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…..item 2)…. Army to increase mental health workers as flaws still plague the handling of PTSD and the suicide count rose to 183 last year …

… Mail Online … Daily Mail … www.dailymail.co.uk/news

By ASSOCIATED PRESS
PUBLISHED: 14:47 EST, 8 March 2013 | UPDATED: 14:58 EST, 8 March 2013

www.dailymail.co.uk/news/article-2290366/Army-increase-me…

The Army has more than doubled its number of military and civilian behavioral health workers in the past five years and will work to vastly increase this, according to an Army report being released today.
But a litany of shortcomings still plagues the force when it comes to diagnosing and treating soldiers for post-traumatic stress disorder, it was also revealed.

Confusing paperwork, inconsistent training and guidelines, and incompatible data systems have hindered the service as it tries to deal with behavioral health issues, the report said.

It’s a crucial issue: After a decade of war, soldier suicides outpace combat deaths.
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img code photo … U.S. Army Soldier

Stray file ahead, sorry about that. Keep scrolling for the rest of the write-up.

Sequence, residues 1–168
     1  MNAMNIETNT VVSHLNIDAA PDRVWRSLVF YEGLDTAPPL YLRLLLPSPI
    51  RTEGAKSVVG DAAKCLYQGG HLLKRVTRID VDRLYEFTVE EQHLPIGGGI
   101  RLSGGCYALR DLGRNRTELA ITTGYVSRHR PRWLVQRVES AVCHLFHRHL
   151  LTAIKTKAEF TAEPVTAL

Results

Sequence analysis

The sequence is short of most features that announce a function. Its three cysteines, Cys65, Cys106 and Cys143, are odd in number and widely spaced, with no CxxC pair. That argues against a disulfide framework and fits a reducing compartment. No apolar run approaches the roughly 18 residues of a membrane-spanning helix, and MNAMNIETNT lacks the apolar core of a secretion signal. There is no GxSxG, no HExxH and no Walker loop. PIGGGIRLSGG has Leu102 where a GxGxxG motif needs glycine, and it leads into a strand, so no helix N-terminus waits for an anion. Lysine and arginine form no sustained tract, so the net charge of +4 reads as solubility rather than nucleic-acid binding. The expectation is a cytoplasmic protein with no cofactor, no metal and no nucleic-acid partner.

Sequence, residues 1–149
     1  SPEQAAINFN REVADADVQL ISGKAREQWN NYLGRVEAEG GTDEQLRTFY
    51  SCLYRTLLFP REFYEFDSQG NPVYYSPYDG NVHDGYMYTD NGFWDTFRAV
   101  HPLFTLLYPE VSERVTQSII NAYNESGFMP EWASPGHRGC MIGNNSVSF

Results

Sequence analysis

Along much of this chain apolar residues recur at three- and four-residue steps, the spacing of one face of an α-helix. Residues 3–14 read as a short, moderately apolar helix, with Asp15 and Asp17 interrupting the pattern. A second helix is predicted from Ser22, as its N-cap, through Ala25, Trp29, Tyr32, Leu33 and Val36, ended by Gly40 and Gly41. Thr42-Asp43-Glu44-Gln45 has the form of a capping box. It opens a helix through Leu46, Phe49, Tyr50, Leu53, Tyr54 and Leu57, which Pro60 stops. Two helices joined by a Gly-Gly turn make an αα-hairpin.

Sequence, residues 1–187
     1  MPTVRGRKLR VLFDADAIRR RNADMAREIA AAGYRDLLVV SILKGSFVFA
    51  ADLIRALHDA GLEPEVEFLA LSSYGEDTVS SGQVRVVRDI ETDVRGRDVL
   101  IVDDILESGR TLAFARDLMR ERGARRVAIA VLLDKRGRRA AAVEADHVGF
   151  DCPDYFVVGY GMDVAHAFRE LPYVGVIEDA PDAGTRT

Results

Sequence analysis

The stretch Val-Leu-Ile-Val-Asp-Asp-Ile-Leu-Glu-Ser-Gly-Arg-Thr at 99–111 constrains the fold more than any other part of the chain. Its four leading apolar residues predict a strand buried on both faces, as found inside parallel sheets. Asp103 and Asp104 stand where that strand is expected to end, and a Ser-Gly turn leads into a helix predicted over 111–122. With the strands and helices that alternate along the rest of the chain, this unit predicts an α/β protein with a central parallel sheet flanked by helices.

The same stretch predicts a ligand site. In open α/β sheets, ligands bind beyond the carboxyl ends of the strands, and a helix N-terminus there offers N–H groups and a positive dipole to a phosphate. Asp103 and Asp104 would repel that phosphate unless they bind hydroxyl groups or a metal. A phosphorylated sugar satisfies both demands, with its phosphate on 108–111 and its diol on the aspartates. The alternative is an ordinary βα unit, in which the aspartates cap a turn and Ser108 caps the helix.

i.dailymail.co.uk/i/pix/2013/02/15/article-2278952-1795E7…

Report: A litany of shortcomings still plagues the force when it comes to diagnosing and treating soldiers for post-traumatic stress disorder

Alamy

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Last May, the Army commissioned a task force to conduct a sweeping review of how it evaluates soldiers for mental health problems at all its facilities.

The review came under pressure from Democratic Senator Patty Murray, of Washington, who was upset to learn that hundreds of soldiers at Madigan Army Medical Center south of Seattle had had their PTSD diagnoses reversed by a forensic psychiatry team, resulting in a potential cut to their benefits and questions about whether the changes were made to save money.

About 150 of those soldiers eventually had their diagnoses restored.

‘I am pleased that the Army completed this review and has vowed to make fixes over the next year, though I am disappointed it has taken more than a decade of war to get to this point,’ Murray said in a statement.
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img code photo … Lance corporal Janos Victor Lutz